Sunday, November 11, 2012

'Dexter' Finally Finds His Soulmate-- But Is It Too Little, Too Late? ...

Dexter Morgan (Michael C. Hall) certainly has a type!

Back during season five of Dexter, I remember lamenting the circumstances in which he found himself sleeping with Lumen (Julia Stiles). Putting aside the fact that it just felt too soon after Rita's (Julie Benz) untimely demise, what ultimately irked me was that the actual act of consummation was a physical reaction to them killing someone together. Suddenly it was as if he got off (and literally) on killing. His ritualistic crimes had always been a release, but it's a much different M.O. to find some kind of animalistic arousal from them. Perhaps you thought I would have had a similar reaction to last week's episode, in which he looked into Hannah's (Yvonne Strahovski) eyes, found someone who was exactly like him, and expressed his relief and gratitude in the same carnal, primitive way. But to me the two circumstances-- and the two women-- could not be more different.

Hannah has come into Dexter's life at arguably the most confusing time for him. The secret of his Dark Passenger was just exposed to someone he cared about-- not someone he had to teach himself to care about (like Rita) but someone for whom the feelings were genuine and natural, even if gradual. Deb (Jennifer Carpenter) isn't someone who's going away, either-- he can't just kill her (like Miguel) or put her on transport out of town (like Lumen, ultimately). 

Deb isn't like Dexter. In fact, she has sworn to be the complete opposite in her line of work. And though she didn't just turn him in, she spent a good amount of time trying to change him-- proving she still just didn't understand him. She was quite literally acting as an external extension of the conscience Dexter should have. There has been a lot of discussion through the years over whether or not Dexter is a true sociopath. I would argue that his code is a conscience of sorts and therefore, he has not truly tipped the scale. Through the years, Dexter has surrounded himself with friends and family and come to appreciate the regular parts of life-- as long as they weren't interfering with his "work," of course-- but certainly confronted with Deb's idea of how to "treat" his Dark Passenger, he had to snap back into the realization that for all the people physically there, he was still alone.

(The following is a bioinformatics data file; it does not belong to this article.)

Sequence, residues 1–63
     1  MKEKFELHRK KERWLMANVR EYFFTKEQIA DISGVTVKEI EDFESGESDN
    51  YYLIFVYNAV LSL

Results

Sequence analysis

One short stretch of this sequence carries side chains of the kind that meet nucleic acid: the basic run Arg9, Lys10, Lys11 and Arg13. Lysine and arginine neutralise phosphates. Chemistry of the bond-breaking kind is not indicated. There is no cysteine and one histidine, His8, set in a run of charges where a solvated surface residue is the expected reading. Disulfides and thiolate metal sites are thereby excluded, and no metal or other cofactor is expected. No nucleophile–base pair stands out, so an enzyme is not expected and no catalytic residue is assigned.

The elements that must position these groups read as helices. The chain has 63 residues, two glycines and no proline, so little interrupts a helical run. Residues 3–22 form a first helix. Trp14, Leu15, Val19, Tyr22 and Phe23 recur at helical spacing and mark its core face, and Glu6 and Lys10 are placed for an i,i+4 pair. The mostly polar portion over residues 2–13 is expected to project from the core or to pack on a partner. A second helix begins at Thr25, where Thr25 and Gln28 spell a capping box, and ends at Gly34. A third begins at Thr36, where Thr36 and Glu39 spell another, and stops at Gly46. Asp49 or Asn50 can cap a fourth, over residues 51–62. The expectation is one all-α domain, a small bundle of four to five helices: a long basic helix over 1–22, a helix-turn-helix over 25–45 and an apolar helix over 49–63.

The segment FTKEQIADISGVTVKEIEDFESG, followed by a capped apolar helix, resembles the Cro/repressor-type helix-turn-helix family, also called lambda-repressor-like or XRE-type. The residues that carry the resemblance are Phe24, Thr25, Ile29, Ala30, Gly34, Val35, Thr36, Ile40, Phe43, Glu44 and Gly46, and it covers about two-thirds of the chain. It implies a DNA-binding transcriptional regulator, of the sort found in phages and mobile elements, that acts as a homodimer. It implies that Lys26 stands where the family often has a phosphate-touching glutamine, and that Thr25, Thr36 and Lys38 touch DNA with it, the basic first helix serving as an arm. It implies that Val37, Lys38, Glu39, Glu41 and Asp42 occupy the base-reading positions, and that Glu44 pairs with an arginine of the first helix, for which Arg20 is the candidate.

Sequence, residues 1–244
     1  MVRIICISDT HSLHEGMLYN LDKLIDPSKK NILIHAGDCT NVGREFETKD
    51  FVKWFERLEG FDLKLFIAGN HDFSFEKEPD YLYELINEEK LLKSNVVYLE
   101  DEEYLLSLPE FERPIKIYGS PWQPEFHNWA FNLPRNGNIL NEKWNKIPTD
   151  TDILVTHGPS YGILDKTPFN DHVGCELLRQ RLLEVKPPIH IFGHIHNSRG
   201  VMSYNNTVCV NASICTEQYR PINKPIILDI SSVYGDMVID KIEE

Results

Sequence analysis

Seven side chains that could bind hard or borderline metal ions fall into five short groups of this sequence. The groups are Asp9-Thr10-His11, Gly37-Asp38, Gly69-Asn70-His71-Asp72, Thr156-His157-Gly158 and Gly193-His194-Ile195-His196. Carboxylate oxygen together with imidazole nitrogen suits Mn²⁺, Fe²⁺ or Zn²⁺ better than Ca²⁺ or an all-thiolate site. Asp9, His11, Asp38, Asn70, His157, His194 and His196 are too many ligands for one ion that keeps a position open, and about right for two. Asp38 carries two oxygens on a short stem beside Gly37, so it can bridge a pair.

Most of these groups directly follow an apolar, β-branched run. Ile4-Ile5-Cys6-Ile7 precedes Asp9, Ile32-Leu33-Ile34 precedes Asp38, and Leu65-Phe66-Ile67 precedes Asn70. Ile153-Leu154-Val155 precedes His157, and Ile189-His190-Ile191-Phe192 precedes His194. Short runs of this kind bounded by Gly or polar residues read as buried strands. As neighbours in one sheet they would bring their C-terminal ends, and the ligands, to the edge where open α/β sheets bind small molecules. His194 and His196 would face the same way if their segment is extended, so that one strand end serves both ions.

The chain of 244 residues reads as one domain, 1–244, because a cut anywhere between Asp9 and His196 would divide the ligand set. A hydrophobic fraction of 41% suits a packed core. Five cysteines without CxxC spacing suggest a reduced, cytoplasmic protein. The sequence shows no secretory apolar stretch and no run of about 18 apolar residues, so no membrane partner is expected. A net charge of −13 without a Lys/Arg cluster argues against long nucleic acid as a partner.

Seriously, it took Deb way longer to be okay with who Dexter really is than it took the audience! Why is she so high and mighty!?

So enter Hannah, a woman who, at first, just seemed to fit his physical type. But he saw something more in her. He saw her secrets, her darkness, her own urges. Maybe for the first time he saw a true partnership-- not in crimes, but in life-- "the soul's recognition of self in another." She's someone with him he can build a life: they can each go off to their jobs during the day and kill when they need to and talk about both things over a nice, candlelit dinner. They accept each other for who they really are. And for the first time he realized just how much he wanted-- or needed-- that.

Season seven so far has been a rocky one for Dexter. He has had to send his son away out of concern someone he was hunting would find him and hurt him the way Trinity had with Rita. He hasn't been able to successfully take down everyone he has wanted to, the way he has wanted to. He has had to deal with the nuisance of Deb's judging eyes boring into him and her obsessive "check in" phone calls. Again, finding Hannah must have been a huge relief.

Naturally just when he is finding comfort, even if not complete happiness, with Hannah, his sister finally comes around and appreciates his true nature, asking him to take down the very woman with whom he is now entangled. He may be able to stall her, but short of actually putting Hannah on his table, she won't be satisfied. And even if he finds himself unwilling to do that, he'd have to send her out of town, too-- so he could tell Deb he took care of it-- of her. Deb's acceptance may mean more to him than anything, but it is coming at such an inopportune time in the story and in Dexter's life. He has made great strides over the years, but is he prepared to handle the emotional complexity to come from having to choose between the two women he loves in such an unorthodox way? We've seen him get emotional before, and every time it has ended badly.

Is it too much to ask, even for a serial killer, that he get a happy ending-- one in which he can sail off into the sunset (literally) with his girl and his boat, maybe leaving Miami behind but leaving the audience with the feeling that he's just going to "clean up" some other city? 

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